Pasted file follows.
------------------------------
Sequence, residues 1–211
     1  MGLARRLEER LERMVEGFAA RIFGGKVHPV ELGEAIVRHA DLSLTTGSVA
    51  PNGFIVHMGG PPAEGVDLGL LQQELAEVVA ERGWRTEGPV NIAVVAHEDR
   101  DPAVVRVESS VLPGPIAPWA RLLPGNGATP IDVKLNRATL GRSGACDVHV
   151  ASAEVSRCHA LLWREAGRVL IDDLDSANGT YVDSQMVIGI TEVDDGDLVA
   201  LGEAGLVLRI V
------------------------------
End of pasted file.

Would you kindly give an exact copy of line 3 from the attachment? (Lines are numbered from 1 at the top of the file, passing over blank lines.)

    51  PNGFIVHMGG PPAEGVDLGL LQQELAEVVA ERGWRTEGPV NIAVVAHEDR